Are Chefs Chemists? The Answer Might Surprise You

Many experimental Chefs are beginning to blur the lines between chemistry and cooking.
Christopher McFadden

Chemistry is everywhere, especially in the kitchen. But are we, or indeed professional chefs, practicing chemistry when we rustle up a meal?

The answer, as it turns out, might surprise you. Or not, as the case may be.

How Chemistry is important in our daily life?

Quite simply, Chemistry is all around us all the time. Many things in your life, including your own body, are dependent on, or the products of, Chemistry.

For example, when you eat something vital chemical reactions take place in your stomach to digest and assimilate foodstuffs. When you have a wash or wash up anything, the process relies on emulsifiers to surround dirt and grime in order to remove it. 

Whenever you get ill, you rely on drugs to help you recover. These all rely on the science of Chemistry to help numb pain or kill pathogens in your body.

And, most importantly for this article, Chemistry is foundational to the art of cooking. When you cook something you are altering the very basic chemical structure of ingredients to produce a palatable and delicious meal. 

Not to mention make it digestible and kill microorganisms that might be lurking within it. When making sauces or making bread, you are literally conducting basic (well complex with regards to organic ingredients) chemistry.

So you see, in our own way, each and every one of us is chemist, from a certain point of view — sort of. 

chef chemistry lab
Source: FDA/Wikimedia Commons

Is a chef a scientist?

From a certain point of view they are. But, unlike trained and experienced chemists, they may not understand exactly why.

Whilst there are some celebrity chefs who specialize in infusing actual chemistry principles into cooking, most practice a form of it without really knowing about it.

But there is a growing trend in the industry for better awareness and use of science in the cooking process. This is either directly by using things like liquid nitrogen for cooking, or more subtly by trying to better understand the cooking process.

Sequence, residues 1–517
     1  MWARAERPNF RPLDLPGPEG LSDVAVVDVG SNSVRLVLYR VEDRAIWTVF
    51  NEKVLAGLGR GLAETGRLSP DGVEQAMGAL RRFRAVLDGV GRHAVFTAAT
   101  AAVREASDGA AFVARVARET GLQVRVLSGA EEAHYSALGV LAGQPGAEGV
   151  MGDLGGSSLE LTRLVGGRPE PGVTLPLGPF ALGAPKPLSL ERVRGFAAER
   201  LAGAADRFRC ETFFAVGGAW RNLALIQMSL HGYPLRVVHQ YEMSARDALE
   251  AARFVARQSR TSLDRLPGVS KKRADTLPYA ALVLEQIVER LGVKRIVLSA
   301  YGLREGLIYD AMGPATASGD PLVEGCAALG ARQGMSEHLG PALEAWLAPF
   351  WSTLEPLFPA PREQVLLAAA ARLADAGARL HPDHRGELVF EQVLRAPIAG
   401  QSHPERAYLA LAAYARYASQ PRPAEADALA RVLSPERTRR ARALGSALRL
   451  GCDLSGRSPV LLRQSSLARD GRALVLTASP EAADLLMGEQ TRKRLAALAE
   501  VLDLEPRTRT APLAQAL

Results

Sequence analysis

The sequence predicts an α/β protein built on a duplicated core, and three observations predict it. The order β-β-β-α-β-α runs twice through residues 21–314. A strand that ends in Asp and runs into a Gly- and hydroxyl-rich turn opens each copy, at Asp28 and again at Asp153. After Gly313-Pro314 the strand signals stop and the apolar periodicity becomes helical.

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But it works both ways. Scientists in recent decades have also turned their attention to the cooking process.

Their studies have been able to debunk some long-held beliefs around cooking. For example, it has been discovered that searing meat does not actually seal in juices. 

But high heat exposure does induce chemical reactions that make cooked meat tastier to humans (or have we just evolved that way?).

In fact, the discipline of food science arose during the 20th century in an attempt by food companies to improve their foodstuff shelf lives whilst remaining palatable and safe to eat.  

The long list of ingredients on a frozen dinner represents the work of food scientists in ensuring shelf life and approximating the taste of fresh-cooked food.

Whilst many chef's would shy away from using similar ingredients in their foods years ago, some experimental chefs like Heston Blumenthal have been experimenting with them in recent years.  

In this sense, these kinds of chefs are beginning to slowly but surely merge food science, cooking, and chemistry-proper.

What is the role of chemistry in the kitchen?

Just like everything in daily life, you can't escape Chemistry, even in the kitchen. When you cook you are practicing a form of Chemistry, albeit in total ignorance. 

You boil water all the time, add salt, mix things like salad dressings, and effectively constantly undertake chemical reactions during the process. But with a little more knowledge of what is actually going on, you can use it to make some truly incredible dishes.

For example, to control the amount of salt you use its useful to understand something about saltiness. As it turns out, the temperature of a foodstuff actually affects humans ability to sense salt.

The hotter it is the less you are able to discern the amount of salt present. It is best, in this case, to wait for it to cool down a little before adding salt. 

The inverse is true for sweetness by the way. 

Another interesting science-based food tip is about fish. You are likely to have noticed that it tends to start to smell bad very quickly, even when chilled. 

This is because fish tend to live in relatively cold temperatures during life. Their natural processes during life aren't affected that much by being chilled (unless frozen of course). 

They also tend to have high levels of a chemical that breaks down into trimethylamine (TMA) that smells like ammonia. You can get around this by soaking the fish in milk or using lemon juice to bind to and draw out the chemical from the flesh!

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